My next step in this project may be to use a scarf joint to form the two main beams. They’re 16’ long. I won’t have much room in the shop to manipulate 16 footers, so I was thinking of using some 10’ boards and joining them with a scarf joint. So if anyone has a design to consider for joining 2×10s with a scarf, I’d like to see it. It only needs to support it’s own weight and the weight of the rafters. The span is 8’ across the column supports. Otherwise I’ll get some 16’ boards and bring them directly to the backyard and work them there, though I was trying to avoid doing anything but assembly in the yard.

-- Bill, Yo! Brooklyn :)

View UpstateNYdude's profile


672 posts in 1406 days

#5 posted 06-06-2016 02:55 PM

You could try this scarf, although probably a little more complicated then needed, but still good none the less.

-- Nick, "Choking to death on bacon is like getting murdered by your lover." - JG

View builtinbkyn's profile


650 posts in 363 days

#6 posted 06-06-2016 03:22 PM

That’s one of the joints I found in my search as well. ( Good video by the way ) The boards he joined are as wide as they are deep. Not sure that one will work well with 2x stock.

These are what I’m considering, though I have an idea I have of my own. I will probably make a mockup of the joint to see if I can get it to work.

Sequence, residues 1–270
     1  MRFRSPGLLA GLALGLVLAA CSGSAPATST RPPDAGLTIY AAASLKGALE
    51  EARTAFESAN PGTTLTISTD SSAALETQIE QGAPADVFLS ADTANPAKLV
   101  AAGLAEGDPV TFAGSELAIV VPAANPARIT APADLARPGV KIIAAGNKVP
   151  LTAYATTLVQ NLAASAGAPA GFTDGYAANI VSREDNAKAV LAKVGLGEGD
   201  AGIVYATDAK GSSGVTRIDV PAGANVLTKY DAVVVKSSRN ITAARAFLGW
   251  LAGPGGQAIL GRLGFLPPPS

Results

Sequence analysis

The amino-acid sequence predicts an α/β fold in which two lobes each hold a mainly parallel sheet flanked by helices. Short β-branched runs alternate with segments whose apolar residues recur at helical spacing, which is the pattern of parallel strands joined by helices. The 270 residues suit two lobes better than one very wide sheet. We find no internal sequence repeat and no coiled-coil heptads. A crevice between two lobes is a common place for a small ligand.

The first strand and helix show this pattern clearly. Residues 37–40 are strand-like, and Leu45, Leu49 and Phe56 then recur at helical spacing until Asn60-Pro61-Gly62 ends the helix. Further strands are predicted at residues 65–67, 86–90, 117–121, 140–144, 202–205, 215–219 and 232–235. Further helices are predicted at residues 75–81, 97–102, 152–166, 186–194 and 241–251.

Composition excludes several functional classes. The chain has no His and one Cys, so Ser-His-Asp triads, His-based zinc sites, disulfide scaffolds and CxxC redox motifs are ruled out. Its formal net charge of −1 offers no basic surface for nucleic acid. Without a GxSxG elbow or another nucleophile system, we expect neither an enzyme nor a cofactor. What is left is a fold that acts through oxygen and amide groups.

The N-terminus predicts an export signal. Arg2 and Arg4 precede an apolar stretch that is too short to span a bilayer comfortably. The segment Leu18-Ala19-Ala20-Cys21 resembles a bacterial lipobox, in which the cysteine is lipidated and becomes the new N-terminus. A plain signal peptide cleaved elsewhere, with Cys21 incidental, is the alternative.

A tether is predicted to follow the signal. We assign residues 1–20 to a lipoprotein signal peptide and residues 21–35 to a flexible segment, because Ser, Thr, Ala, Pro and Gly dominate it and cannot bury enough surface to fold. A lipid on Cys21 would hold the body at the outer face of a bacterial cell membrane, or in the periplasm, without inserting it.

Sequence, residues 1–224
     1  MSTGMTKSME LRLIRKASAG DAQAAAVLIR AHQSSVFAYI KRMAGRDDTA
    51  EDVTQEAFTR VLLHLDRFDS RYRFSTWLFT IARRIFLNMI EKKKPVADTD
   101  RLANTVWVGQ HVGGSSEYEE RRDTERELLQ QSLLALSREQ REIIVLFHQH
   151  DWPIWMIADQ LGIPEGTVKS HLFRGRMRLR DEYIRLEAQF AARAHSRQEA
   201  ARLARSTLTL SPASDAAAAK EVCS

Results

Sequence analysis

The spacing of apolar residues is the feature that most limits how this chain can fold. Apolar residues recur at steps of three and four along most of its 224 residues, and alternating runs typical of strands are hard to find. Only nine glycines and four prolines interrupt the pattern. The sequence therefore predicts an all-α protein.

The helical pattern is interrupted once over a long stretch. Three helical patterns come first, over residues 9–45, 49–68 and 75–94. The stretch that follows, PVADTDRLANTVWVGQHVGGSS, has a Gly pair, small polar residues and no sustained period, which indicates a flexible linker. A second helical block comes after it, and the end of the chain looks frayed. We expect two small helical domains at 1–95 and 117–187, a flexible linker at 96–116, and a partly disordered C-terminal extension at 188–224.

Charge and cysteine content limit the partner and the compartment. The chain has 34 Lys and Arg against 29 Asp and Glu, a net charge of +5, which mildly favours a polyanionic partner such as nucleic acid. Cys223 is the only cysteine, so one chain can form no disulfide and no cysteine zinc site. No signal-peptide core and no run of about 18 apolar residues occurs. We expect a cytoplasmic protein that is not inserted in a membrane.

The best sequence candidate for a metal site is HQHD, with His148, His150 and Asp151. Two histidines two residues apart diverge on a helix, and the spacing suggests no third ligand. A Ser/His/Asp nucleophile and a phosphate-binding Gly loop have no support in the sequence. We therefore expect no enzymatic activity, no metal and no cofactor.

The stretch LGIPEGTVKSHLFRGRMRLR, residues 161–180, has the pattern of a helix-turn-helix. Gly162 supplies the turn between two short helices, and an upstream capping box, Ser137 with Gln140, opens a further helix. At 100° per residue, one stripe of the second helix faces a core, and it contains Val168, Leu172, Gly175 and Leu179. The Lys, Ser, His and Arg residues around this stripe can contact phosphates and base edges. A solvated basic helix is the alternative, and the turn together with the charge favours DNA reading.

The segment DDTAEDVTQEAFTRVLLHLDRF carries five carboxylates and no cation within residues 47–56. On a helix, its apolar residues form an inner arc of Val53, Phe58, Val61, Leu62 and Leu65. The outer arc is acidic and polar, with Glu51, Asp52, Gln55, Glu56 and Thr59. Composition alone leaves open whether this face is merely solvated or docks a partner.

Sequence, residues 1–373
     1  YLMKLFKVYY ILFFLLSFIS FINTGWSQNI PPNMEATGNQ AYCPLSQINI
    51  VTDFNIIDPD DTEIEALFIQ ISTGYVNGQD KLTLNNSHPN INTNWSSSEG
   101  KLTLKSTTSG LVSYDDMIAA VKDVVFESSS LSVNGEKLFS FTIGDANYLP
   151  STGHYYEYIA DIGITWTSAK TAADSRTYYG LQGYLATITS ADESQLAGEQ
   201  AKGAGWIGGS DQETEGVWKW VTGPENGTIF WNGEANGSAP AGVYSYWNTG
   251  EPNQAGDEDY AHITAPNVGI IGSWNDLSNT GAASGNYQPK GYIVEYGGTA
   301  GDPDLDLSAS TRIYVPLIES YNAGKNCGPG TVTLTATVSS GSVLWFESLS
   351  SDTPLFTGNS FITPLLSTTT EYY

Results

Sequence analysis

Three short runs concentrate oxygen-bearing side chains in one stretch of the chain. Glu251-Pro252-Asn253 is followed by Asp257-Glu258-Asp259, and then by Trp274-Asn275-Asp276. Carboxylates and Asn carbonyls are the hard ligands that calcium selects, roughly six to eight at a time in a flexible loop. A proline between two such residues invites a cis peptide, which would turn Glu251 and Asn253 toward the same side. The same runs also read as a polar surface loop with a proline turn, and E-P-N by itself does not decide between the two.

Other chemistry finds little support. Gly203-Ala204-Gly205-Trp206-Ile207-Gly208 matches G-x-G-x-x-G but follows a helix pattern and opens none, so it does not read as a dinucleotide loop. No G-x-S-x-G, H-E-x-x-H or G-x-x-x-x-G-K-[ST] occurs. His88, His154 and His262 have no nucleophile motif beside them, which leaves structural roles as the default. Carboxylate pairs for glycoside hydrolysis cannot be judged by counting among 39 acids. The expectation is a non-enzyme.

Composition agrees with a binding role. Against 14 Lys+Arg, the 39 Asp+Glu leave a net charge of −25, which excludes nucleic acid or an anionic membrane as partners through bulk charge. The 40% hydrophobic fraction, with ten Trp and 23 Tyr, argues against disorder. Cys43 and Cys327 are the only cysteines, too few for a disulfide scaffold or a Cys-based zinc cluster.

You could try this scarf, although probably a little more complicated then needed, but still good none the less.

- UpstateNYdude

-- Bill, Yo! Brooklyn :)

View builtinbkyn's profile


650 posts in 363 days

#7 posted 06-07-2016 09:38 PM

Back at it again today after needing to take a day to do some important things. Always thought doing what makes you happy was important, like woodworking, but hey what do I know?

So after hand planing two sides to square and true, I ran the posts thru the 15” Jet planer. Yup. the 8’ 4” was just the number for me to get these thru the planer in a room that’s 20’ across, and still have some room to maneuver. :)

I think they came out pretty well. They’re ready for me to make the thru mortises and then sand and stain.

I needed to switch gears a bit. If I stay on one aspect of a job too long, I start to get bored and less efficient. So I started to sand the rafters with 120… hand :( I read a few blogs and articles about staining and sealing DF timbers and came across some good info. One that showed the results of their advise. The author said to sand with 100 along the grain to remove any polished milling spots. This would allow the pores to open and to receive the stain evenly where the polished milling spots would hamper the stain from being taken up evenly. So no ROS for this work as the swirls I know I’d miss, wouldn’t look nice, but just as well. I hate using the ROS anyway. Well at least I hate my Ridgid ROS. May look at one of those nice Mirka ROS. Hand sanding allowed me to ease all of the edges too, without burning thru them too much as I’m prone to do. I used a sponge sanding block wrapped with the 120. Didn’t have 100, but I think it’s fine.

So I got 7 of the 21 sanded and finished with one coat of my own BLO/Waterlox/MS mix which I tinted with Minwax Red Mahogany. I’ll give these two or three coats with the BLO mix. I think I’ll then see what they look like and consider a clear satin spar varnish finish or some wax. Not sure about that yet. I’ll know when I see what they look like after a few coats with some light steel wool action in-between each coat. I think they colored up nicely with little to no splotching that I can see, but they’re still drying.

Ah tomorrow’s another day and I should have been done yesterday LOL

-- Bill, Yo! Brooklyn :)